National Fuel Gas Co. (NFG) subsidiary Seneca Resources Corp. said Monday that it would extend its joint venture (JV) agreement with an affiliate of Dallas-based IOG Capital LP across 10,500 acres in Northern Pennsylvania, further reducing this year's exploration and production budget.
Both parties agreed to modify the terms of the JV, boosting IOG's participation up to 82 wells instead of 80. Under the new deal, IOG would participate in 75 Marcellus Shale wells in Elk, McKean and Cameron counties. The private equity firm was also granted an option to participate in a seven-well pad that's planned to be completed before the end of 2017.
IOG would continue to hold an 80% working interest in the joint development wells, while Seneca would retain the other 20% working interest. To date, 39 of the 75 wells have either been completed and turned to sales or drilled and are waiting on completion. Seneca's royalty in the remaining 36 wells has been reduced from 10% to 7.5%, but its working interest would increase to 85% once IOG achieves a 15% rate of return.
"The joint development arrangement provides a number of operational and financial benefits to both parties. For National Fuel, it allows us to leverage the competitive advantage of our low cost, fee acreage in the Marcellus and reduce the level of capital investment in our upstream business over the next two years, while maintaining operational efficiencies and providing the throughput necessary to support our pipeline expansion projects," said CEO Ronald Tanski. "Given National Fuel's large Appalachian footprint and the alignment of our strategic goals, we think there could be additional opportunities to work with IOG in the future to accelerate value creation for our shareholders."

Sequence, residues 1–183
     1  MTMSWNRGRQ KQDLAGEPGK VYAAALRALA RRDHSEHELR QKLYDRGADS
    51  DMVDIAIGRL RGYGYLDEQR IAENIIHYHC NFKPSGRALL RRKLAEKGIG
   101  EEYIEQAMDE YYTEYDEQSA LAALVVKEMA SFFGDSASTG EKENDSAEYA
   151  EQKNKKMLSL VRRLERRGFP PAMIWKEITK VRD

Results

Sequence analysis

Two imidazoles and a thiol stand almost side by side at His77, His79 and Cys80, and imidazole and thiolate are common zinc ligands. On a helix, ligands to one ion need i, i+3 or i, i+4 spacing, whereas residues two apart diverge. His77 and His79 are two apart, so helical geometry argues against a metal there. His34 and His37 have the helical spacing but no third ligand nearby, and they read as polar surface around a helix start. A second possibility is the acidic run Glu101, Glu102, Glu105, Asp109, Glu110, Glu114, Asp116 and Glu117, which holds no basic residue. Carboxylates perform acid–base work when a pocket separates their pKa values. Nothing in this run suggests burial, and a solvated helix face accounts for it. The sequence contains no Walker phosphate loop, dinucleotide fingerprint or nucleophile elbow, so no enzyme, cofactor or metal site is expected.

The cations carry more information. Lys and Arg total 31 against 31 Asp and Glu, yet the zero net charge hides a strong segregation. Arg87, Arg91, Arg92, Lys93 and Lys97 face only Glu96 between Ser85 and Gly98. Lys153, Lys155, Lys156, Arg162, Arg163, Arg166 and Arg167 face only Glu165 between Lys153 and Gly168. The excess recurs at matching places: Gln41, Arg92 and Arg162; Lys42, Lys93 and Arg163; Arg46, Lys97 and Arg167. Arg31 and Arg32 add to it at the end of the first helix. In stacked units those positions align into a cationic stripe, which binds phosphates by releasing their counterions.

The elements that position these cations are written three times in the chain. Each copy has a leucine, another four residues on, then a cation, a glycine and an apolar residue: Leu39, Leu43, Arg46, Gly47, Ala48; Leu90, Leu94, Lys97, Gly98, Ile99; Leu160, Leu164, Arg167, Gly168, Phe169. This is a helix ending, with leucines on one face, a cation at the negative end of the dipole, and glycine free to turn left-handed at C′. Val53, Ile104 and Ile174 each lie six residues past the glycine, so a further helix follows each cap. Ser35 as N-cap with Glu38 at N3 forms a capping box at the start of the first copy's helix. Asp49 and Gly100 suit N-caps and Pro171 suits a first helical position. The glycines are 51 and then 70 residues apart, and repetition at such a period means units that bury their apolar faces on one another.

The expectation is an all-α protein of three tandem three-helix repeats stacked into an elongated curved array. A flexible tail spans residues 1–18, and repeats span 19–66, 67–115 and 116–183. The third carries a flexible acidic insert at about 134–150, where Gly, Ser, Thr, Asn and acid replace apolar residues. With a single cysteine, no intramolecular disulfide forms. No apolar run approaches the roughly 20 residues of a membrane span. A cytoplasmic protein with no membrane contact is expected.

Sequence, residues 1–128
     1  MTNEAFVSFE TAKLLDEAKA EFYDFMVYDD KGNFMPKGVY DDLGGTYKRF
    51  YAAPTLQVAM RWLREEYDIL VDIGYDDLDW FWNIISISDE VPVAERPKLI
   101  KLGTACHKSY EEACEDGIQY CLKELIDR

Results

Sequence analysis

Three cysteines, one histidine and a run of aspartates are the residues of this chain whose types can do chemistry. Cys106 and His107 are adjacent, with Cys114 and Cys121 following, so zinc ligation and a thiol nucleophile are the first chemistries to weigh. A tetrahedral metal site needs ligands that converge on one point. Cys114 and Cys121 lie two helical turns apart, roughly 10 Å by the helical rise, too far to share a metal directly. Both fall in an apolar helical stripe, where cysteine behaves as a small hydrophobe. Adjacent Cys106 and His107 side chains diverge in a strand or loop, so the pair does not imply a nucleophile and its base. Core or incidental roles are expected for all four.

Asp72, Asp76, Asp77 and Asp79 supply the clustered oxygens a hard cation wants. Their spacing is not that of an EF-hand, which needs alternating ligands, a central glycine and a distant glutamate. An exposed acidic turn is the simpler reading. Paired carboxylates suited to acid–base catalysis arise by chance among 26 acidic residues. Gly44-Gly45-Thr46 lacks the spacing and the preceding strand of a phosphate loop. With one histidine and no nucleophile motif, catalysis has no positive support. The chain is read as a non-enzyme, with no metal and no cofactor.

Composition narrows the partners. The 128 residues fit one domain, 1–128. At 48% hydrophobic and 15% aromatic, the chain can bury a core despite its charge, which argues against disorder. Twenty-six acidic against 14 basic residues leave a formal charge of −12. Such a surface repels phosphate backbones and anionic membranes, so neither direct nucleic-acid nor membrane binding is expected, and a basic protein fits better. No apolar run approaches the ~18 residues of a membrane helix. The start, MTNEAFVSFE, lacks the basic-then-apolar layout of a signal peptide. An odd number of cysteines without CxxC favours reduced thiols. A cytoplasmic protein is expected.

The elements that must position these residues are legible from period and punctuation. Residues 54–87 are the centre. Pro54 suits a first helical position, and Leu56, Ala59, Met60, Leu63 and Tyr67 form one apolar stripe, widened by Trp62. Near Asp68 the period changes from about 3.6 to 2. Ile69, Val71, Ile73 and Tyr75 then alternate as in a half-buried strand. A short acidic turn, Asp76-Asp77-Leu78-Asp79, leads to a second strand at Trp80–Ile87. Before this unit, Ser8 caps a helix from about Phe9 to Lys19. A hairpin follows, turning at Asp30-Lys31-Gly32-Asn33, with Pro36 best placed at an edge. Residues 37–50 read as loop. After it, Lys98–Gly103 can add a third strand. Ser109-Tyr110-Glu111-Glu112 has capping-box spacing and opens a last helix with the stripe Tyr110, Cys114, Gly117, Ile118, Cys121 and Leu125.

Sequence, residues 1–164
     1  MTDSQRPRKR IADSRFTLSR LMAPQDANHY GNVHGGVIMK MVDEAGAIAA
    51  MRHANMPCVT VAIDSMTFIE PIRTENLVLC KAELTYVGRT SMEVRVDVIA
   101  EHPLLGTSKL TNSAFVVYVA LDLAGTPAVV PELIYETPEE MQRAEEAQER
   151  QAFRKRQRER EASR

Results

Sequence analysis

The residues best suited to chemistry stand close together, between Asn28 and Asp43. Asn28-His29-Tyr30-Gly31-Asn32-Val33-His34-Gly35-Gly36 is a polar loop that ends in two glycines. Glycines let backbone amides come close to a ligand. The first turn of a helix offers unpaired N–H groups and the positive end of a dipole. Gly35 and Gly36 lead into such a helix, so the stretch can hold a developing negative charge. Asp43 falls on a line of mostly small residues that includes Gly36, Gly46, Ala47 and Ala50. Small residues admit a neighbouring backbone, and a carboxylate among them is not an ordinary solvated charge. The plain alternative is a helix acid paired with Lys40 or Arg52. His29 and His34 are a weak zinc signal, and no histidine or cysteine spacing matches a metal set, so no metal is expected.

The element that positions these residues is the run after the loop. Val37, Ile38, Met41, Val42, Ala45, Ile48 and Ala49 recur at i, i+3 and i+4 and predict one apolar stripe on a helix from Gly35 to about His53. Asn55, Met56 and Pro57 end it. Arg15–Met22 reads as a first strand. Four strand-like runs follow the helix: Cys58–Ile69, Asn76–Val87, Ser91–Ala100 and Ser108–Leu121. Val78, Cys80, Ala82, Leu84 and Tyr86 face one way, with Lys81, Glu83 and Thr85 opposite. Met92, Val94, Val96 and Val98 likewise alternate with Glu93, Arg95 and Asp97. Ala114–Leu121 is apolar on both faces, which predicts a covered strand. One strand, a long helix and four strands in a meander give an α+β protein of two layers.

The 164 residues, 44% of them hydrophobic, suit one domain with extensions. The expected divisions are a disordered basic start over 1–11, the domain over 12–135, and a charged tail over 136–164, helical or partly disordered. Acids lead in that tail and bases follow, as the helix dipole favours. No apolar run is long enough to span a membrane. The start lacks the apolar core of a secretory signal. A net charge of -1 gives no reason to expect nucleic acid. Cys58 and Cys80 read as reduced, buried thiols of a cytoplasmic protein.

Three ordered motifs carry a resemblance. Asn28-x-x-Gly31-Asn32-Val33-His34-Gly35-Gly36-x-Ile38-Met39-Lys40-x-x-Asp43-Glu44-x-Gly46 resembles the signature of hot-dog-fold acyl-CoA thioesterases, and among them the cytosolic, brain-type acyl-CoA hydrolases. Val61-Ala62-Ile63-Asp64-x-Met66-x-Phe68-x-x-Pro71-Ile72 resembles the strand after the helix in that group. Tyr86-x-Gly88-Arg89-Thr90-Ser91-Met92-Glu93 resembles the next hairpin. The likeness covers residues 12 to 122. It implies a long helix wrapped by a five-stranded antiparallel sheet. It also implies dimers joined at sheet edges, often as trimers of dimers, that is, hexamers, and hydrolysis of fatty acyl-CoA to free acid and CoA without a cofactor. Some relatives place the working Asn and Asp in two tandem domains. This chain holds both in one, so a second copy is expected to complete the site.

NFG first announced the JV with IOG in December, billing it as a way to preserve liquidity and its momentum during the commodities downturn (see Shale Daily,Dec. 3, 2015). The company's fiscal year (FY) started in October, and during its first quarter, Seneca curtailed another 14.6 Bcf of natural gas production on lower prices in addition to the 45 Bcfe of curtailments it announced throughout FY 2015 (see Shale Daily,Feb. 5). The company has since cut its capital budget, dropped a rig in the Marcellus and delayed its Northern Access pipeline expansion project until next year -- moves that it has said don't affect the IOG JV.
Seneca has, however, continued to lower its well costs. At the time the JV was announced with IOG, the firm was expected to fund $380 million for its 80% working interest, but NFG said Monday that IOG would now be expected to fund $325 million of the well costs. Extending the JV, NFG said, would further reduce Seneca's FY 2016 budget to $120-160 million from the previous range of $150-200 million. It's also expected to save the company another $120 million in 2017 and 2018.
Production from all of the JV wells will continue to be gathered by National Fuel's gathering segment. The company said its FY 2016 production forecast remains unchanged at 139-202 Bcfe.
Founded in 2014, IOG is a private equity firm partnered with funds managed by affiliates of Fortress Investment Group LLC. IOG's founder and senior managing director, Marc Rowland, formerly served as CFO of Chesapeake Energy Corp. and as CEO of the oilfield services firm FTS International Inc.